Directory of Open Access Journals (Sweden)

    Margaret J. Couvillon

    2010-01-01

    Full Text Available Bumble bees are important pollinators of crops and other plants. However, many aspects of their basic biology remain relatively unexplored. For example, one important and unusual natural history feature in bumble bees is the massive size variation seen between workers of the same nest. This size polymorphism may be an adaptation for division of labor, colony economics, or be nonadaptive. It was also suggested that perhaps this variation allows for niche specialization in workers foraging at different temperatures: larger bees might be better suited to forage at cooler temperatures and smaller bees might be better suited to forage at warmer temperatures. This we tested here using a large, enclosed growth chamber, where we were able to regulate the ambient temperature. We found no significant effect of ambient or nest temperature on the average size of bees flying to and foraging from a suspended feeder. Instead, bees of all sizes successfully flew and foraged between 16∘C and 36∘C. Thus, large bees foraged even at very hot temperatures, which we thought might cause overheating. Size variation therefore could not be explained in terms of niche specialization for foragers at different temperatures.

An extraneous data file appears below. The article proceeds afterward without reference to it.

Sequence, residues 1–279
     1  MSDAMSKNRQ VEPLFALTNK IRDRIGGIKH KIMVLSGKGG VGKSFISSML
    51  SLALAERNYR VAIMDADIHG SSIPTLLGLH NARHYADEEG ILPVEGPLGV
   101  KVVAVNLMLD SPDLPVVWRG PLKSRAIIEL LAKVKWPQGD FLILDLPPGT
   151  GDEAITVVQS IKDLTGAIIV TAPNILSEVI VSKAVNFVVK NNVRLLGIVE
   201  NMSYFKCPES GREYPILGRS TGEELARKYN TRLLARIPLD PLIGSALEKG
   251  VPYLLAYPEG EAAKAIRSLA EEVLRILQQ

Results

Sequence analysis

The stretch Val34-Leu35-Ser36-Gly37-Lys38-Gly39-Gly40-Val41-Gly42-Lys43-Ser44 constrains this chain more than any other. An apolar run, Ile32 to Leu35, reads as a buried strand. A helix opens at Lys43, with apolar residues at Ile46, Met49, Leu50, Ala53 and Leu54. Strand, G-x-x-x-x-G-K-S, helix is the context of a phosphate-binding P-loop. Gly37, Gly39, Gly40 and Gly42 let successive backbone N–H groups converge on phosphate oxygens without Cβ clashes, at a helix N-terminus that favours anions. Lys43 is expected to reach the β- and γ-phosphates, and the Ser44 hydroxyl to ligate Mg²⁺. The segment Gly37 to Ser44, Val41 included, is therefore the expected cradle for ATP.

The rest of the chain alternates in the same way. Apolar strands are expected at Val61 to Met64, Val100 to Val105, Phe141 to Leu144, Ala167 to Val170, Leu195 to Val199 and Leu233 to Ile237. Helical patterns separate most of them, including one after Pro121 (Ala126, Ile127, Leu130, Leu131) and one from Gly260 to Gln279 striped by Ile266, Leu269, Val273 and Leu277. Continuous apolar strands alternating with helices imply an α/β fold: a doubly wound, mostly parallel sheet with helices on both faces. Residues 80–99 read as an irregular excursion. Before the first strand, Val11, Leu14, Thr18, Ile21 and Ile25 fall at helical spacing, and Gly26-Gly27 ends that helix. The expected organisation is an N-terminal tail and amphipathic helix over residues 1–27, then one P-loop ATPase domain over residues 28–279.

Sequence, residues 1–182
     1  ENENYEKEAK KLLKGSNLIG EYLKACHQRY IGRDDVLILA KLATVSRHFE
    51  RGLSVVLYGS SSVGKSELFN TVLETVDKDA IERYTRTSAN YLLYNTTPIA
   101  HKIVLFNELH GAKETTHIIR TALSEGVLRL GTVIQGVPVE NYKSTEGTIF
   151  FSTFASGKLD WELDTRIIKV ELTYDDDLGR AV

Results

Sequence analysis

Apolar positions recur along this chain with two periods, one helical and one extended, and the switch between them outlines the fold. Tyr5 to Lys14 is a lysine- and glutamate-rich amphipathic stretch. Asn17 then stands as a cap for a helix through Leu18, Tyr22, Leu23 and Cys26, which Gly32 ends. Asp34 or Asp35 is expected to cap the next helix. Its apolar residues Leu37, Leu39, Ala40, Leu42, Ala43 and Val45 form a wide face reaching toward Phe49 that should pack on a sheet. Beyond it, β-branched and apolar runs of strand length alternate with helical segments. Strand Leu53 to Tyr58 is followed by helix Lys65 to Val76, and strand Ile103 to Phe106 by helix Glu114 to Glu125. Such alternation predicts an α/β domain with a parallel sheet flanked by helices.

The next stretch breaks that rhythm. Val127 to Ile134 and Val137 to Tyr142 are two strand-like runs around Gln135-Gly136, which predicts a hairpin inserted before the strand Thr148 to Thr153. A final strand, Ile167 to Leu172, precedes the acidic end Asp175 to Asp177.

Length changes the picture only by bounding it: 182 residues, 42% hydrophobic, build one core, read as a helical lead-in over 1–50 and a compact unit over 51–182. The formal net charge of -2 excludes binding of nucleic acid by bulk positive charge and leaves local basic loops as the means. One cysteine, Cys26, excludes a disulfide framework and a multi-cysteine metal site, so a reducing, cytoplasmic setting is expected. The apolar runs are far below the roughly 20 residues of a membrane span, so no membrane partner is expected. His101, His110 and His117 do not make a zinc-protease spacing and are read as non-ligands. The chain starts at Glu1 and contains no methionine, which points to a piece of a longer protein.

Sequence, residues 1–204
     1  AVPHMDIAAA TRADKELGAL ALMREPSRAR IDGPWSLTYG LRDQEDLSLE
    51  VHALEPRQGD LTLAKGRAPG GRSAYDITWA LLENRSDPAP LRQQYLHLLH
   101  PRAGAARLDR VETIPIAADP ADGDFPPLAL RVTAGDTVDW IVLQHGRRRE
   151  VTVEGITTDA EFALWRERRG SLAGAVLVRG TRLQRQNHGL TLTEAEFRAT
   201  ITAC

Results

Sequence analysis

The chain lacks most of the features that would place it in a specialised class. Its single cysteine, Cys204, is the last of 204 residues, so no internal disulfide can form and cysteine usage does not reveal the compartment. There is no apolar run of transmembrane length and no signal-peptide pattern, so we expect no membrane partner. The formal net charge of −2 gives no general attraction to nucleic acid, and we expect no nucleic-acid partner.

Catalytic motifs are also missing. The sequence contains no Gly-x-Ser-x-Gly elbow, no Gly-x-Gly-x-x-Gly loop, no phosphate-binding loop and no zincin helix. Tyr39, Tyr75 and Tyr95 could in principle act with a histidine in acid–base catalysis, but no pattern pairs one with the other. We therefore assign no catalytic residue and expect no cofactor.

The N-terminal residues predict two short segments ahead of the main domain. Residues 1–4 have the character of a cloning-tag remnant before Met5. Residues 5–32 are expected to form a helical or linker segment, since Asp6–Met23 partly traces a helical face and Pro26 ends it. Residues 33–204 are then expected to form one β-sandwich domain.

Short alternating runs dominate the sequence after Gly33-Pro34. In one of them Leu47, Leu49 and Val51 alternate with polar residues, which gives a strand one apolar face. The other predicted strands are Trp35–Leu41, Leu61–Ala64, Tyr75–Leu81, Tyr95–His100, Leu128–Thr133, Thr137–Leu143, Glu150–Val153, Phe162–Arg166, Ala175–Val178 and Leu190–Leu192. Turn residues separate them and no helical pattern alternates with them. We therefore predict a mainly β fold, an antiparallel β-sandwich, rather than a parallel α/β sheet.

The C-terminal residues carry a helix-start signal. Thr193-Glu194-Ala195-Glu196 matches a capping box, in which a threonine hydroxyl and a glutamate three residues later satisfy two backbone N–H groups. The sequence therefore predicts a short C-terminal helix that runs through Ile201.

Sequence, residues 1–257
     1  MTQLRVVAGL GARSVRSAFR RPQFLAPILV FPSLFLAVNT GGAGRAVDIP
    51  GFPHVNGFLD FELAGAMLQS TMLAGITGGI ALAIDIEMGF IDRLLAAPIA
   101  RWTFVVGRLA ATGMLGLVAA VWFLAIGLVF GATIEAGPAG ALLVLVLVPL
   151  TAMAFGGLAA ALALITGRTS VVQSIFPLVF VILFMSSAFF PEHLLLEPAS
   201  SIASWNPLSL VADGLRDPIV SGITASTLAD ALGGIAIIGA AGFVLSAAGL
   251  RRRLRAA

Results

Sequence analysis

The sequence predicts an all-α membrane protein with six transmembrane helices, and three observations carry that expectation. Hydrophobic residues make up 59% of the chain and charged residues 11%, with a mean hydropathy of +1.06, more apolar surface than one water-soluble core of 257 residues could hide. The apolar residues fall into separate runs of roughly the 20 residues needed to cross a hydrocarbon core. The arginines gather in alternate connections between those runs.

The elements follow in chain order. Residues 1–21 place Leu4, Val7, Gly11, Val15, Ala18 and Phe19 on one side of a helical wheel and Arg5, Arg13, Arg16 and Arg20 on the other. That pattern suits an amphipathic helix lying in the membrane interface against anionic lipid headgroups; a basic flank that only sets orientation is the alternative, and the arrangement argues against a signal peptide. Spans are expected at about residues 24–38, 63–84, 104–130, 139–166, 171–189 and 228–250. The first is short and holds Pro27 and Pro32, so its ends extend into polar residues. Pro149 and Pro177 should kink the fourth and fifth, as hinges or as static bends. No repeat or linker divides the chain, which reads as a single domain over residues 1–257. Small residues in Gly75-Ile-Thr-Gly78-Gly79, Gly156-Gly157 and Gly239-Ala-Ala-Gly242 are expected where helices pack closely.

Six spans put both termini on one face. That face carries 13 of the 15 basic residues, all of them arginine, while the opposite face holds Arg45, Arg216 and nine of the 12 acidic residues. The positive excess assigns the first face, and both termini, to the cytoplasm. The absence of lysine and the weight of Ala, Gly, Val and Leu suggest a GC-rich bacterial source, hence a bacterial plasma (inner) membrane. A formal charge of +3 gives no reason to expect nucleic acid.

16. Energy from Biomass - Comparision of biogas production at ambient temperature and at mesophilic temperature in semicontenous anaerobic digester using vegetable market waste

    Directory of Open Access Journals (Sweden)

    Dhanalakshmi Sridevi V.

    2014-03-01